Clemson and GE team up to inspire high schoolers to become engineers

Technology evolves at the speed of light in today’s world, creating a wealth of opportunity for engineers STEM fields, but an undersupply of engineers to seize it threatens to slow the speed of progress.

Clemson University PEER & WISE and GE have teamed up to change that with GE’s Next Engineers program, which aims to increase the number and diversity of young people pursuing engineering career paths. (According to a recent study by the Pew Research Center, only 17 percent of STEM workers are African-American or Hispanic.)

On July 22, 54 11th-grade students in their first year of Engineering Academy Greenville, Next Engineer’s three-year program for 15- to 18-year-olds in the Upstate, visited the Clemson campus for a day of learning that was more like a trip to an amusement park than school.

The cohort broke into five groups and spent the morning in the Watt Family Innovation Center getting hands-on experience with the latest virtual reality gear in the Immersive Space, becoming familiar with 3D printing in the Makerspace and learning about the Watt Center itself, which is one of the most technologically advanced academic buildings in the US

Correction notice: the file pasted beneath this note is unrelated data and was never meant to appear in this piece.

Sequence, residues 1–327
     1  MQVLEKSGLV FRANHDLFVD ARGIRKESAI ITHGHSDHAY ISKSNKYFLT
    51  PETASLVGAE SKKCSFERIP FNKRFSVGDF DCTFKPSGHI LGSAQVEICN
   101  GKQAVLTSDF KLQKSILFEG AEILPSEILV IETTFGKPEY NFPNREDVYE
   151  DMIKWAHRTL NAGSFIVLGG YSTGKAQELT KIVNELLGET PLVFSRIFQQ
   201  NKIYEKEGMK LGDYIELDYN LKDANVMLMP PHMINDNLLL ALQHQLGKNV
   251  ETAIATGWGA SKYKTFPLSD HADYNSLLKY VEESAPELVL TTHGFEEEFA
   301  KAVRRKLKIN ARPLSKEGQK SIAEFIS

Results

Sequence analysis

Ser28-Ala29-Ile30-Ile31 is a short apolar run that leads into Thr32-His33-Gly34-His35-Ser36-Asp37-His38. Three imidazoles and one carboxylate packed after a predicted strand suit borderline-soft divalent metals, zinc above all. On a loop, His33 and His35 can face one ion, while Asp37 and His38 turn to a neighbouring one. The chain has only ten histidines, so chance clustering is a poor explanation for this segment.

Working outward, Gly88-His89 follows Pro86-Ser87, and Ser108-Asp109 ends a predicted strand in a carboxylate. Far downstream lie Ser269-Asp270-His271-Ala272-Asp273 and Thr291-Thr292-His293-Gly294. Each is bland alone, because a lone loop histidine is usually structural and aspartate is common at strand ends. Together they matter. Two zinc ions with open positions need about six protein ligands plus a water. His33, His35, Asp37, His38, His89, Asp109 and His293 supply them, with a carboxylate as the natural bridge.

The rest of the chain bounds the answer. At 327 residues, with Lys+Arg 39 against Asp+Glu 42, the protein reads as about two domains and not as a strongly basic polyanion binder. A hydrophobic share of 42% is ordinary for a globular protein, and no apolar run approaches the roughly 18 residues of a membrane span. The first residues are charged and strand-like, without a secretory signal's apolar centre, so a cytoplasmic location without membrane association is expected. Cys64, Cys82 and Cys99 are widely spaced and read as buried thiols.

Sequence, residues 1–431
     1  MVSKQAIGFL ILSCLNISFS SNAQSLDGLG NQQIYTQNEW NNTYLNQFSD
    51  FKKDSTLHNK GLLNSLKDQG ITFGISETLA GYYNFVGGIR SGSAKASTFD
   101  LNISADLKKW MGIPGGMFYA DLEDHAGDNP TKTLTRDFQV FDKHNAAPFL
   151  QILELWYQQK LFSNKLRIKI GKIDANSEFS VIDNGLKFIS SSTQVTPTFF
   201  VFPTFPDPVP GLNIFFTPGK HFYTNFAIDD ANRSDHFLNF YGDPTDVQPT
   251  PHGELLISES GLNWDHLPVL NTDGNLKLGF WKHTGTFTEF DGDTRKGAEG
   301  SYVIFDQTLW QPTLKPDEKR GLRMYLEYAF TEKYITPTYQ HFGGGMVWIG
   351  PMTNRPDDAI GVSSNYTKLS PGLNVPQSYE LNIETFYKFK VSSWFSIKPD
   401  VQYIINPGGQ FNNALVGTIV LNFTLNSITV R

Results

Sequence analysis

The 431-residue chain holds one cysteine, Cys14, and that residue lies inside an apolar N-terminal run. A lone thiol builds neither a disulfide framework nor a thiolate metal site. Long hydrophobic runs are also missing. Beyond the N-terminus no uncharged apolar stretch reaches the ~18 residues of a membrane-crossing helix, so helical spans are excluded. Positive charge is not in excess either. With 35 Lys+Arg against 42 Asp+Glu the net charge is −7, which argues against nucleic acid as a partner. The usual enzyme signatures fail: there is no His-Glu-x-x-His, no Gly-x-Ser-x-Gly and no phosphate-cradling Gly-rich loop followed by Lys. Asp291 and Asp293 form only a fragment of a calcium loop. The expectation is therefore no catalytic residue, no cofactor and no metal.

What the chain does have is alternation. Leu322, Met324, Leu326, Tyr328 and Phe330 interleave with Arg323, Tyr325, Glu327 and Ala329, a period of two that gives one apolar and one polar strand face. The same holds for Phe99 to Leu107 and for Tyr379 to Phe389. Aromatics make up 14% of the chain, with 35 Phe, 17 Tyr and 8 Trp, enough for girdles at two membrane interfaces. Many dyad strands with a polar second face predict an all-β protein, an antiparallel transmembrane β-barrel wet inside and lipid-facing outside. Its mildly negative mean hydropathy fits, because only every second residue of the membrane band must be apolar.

The morning’s exuberance level was particularly noticeable in the Immersive Space, where the students donned VR (Virtual Reality) goggles to create three-dimensional drawings with light or play a game with musical notes flying towards them. The sight of blindfolded students pawing at the air and spinning in circles while their peers stood to the side cheering them on made for an entertaining scene, but just as entertaining for these already tech-savvy students was the tour of the Clemson Energy Visualizations and Analytics Center (CEVAC). It is a room on the bottom floor of the Watt Center where a team monitors the carbon footprint of every building, structure and tree on the Clemson campus. When Tim Howard, director of the CEVAC, finished his presentation and asked if there were any questions, hands went up all over the room.

Next Engineer students play with VR equipment in the Watt Center’s Immersive Space.